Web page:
Work to create rules for putting self-driving vehicles into practical use is kicking into high gear as progress continues on the development of such vehicles.
Hopes are high that automated driving technology will reduce traffic accidents and congestion. But the "ultimate safety technology" faces many issues over its practical use, such as who will be liable if a self-driving car causes an accident.
The National Police Agency will launch a committee Friday to study legal and operational issues. Based on that, legal arrangements, including law revisions, are expected to be made.
Placing high hopes on "dream cars," an official at Nissan Motor Co.'s public relations section said: "The number of accidents and traffic jams caused by human error, such as drivers' carelessness and delayed reactions, is likely to fall. Such vehicles could also serve as a means of transportation for the elderly and disabled."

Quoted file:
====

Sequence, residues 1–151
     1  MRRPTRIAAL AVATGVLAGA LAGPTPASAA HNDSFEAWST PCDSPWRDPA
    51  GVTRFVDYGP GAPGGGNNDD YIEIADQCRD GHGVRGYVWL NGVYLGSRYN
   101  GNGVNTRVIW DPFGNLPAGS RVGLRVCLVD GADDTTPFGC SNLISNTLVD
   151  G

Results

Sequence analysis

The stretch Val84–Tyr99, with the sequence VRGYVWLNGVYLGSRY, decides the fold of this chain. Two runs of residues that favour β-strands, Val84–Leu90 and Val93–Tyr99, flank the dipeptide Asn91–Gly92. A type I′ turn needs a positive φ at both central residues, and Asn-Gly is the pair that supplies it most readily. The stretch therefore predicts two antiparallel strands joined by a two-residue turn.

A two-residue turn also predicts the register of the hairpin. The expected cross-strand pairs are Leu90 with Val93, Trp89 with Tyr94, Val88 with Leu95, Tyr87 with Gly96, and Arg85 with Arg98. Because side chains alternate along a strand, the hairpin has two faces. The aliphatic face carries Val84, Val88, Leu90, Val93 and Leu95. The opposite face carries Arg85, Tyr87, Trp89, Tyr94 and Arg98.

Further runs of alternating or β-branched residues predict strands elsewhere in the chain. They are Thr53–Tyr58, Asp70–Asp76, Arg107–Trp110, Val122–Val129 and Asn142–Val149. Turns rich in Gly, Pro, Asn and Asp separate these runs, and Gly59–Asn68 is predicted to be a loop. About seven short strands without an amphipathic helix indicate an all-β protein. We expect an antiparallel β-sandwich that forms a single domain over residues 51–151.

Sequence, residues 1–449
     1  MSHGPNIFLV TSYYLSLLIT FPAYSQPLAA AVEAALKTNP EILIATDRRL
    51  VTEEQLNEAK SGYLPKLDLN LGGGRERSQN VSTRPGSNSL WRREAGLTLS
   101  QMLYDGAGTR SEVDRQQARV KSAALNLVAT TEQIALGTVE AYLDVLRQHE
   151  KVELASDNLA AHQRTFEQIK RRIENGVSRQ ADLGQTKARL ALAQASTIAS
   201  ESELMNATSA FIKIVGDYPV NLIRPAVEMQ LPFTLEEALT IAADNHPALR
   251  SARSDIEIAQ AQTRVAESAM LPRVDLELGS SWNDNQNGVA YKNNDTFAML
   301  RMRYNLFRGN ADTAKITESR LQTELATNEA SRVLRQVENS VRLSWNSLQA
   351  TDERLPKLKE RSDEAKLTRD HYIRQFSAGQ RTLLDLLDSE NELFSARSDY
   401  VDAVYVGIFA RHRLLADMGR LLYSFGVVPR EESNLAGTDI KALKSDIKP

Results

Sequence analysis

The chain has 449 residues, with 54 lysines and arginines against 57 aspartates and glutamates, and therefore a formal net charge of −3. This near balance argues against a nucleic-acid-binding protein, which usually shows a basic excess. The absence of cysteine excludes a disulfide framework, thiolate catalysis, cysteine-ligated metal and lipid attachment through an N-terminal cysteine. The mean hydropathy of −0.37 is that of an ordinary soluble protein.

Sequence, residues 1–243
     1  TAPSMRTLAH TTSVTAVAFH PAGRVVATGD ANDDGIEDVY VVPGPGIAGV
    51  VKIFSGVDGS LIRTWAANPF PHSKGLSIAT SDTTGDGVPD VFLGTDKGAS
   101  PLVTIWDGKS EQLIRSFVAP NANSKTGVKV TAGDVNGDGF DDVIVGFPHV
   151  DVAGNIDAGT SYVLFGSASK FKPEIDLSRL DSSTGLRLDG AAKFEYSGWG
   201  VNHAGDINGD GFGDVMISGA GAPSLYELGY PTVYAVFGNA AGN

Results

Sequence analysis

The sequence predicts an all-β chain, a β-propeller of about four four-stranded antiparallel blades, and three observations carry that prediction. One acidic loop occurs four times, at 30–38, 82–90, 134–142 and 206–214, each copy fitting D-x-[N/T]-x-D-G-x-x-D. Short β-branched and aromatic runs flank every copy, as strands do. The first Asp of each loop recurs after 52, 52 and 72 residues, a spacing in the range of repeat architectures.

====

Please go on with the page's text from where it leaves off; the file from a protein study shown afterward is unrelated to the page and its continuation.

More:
Automakers, including Nissan and Toyota Motor Corp., and the government are increasing efforts to put self-driving vehicles into practical use, possibly before the Tokyo Olympics and Paralympics in 2020.
Logistics companies, which have suffered labor shortages, also have high expectations for self-driving vehicles.
source by newsonjapan